Change of riparian vegetation from upstream to downstream reaches of a tropical river obstructed by a dam: a case study from Sri Lanka.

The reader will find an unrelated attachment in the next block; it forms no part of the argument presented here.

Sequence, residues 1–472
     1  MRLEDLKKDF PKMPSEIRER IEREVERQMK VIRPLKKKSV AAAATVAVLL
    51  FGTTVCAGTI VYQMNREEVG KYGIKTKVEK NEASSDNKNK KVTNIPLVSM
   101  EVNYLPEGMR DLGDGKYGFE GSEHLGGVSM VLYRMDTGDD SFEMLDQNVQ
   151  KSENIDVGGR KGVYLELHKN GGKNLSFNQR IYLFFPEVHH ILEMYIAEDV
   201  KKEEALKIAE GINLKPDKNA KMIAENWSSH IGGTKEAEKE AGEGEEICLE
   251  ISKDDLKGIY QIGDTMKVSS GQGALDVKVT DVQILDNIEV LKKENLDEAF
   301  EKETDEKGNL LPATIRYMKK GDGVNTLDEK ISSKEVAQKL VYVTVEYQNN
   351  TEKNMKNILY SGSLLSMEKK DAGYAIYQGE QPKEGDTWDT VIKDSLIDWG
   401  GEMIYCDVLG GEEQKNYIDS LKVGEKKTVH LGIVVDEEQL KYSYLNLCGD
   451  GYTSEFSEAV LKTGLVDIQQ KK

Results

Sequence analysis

Construction of dams across rivers is a common practice worldwide. However, obstructing free-flowing rivers could result in many negative impacts on riparian ecosystems, and are highly site-specific. In the present study, we evaluate the potential impacts of river regulation on the riparian vegetation by enumerating the vegetation at different distances from the dam/reservoir complex from upstream to downstream reaches of a tributary of the river Mahaweli in Sri Lanka. The tree-dominated riparian vegetation has been evaluated using belt transects located in the immediate and 8 km away from the reservoir/dam towards both upstream and the downstream of the tributary (US-0, US-8; DS-0, DS-8, respectively). A total of 150 species belonging to 58 families were identified, of which 43% were tree species. Approximately 77% of species were found exclusively in the upstream while 8% were recorded in the downstream. Both canopy and understory layers showed a significant decline in terms of richness, abundance, diversity and stem density from upstream to downstream. Leuceana leucocephala (Lam.) de Wit, an invasive tree species, showed higher relative abundance in downstream reaches, while riparian species such as Terminalia arjuna (Roxb.) Wight & Arn. and Pongamia pinnata (L.) showed no marked decline from upstream to downstream. The conditions triggered by reduced water discharges and severe river bank erosion may have contributed to these changes. The results indicate that the extreme water management practices in storage reservoirs have incurred negative impacts on the composition of the riparian vegetation. Introduction of well-coordinated flow management practices may help to mitigate some of these negative impacts.